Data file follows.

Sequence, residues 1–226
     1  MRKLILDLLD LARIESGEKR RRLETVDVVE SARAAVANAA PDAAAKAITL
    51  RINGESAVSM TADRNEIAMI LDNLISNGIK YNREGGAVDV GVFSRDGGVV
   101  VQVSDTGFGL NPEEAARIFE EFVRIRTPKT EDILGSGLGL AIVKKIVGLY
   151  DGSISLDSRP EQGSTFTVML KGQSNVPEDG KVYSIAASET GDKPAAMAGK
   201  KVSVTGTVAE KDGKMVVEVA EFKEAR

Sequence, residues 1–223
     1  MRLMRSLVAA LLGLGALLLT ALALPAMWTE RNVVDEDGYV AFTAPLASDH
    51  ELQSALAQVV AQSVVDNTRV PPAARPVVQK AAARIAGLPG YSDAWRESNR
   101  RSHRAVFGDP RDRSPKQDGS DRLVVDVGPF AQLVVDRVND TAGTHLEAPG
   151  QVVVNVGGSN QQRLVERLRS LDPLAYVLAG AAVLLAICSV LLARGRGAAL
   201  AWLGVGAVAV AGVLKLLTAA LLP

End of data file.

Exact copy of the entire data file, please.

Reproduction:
Sequence, residues 1–226
     1  MRKLILDLLD LARIESGEKR RRLETVDVVE SARAAVANAA PDAAAKAITL
    51  RINGESAVSM TADRNEIAMI LDNLISNGIK YNREGGAVDV GVFSRDGGVV
   101  VQVSDTGFGL NPEEAARIFE EFVRIRTPKT EDILGSGLGL AIVKKIVGLY
   151  DGSISLDSRP EQGSTFTVML KGQSNVPEDG KVYSIAASET GDKPAAMAGK
   201  KVSVTGTVAE KDGKMVVEVA EFKEAR

Sequence, residues 1–223
     1  MRLMRSLVAA LLGLGALLLT ALALPAMWTE RNVVDEDGYV AFTAPLASDH
    51  ELQSALAQVV AQSVVDNTRV PPAARPVVQK AAARIAGLPG YSDAWRESNR
   101  RSHRAVFGDP RDRSPKQDGS DRLVVDVGPF AQLVVDRVND TAGTHLEAPG
   151  QVVVNVGGSN QQRLVERLRS LDPLAYVLAG AAVLLAICSV LLARGRGAAL
   201  AWLGVGAVAV AGVLKLLTAA LLP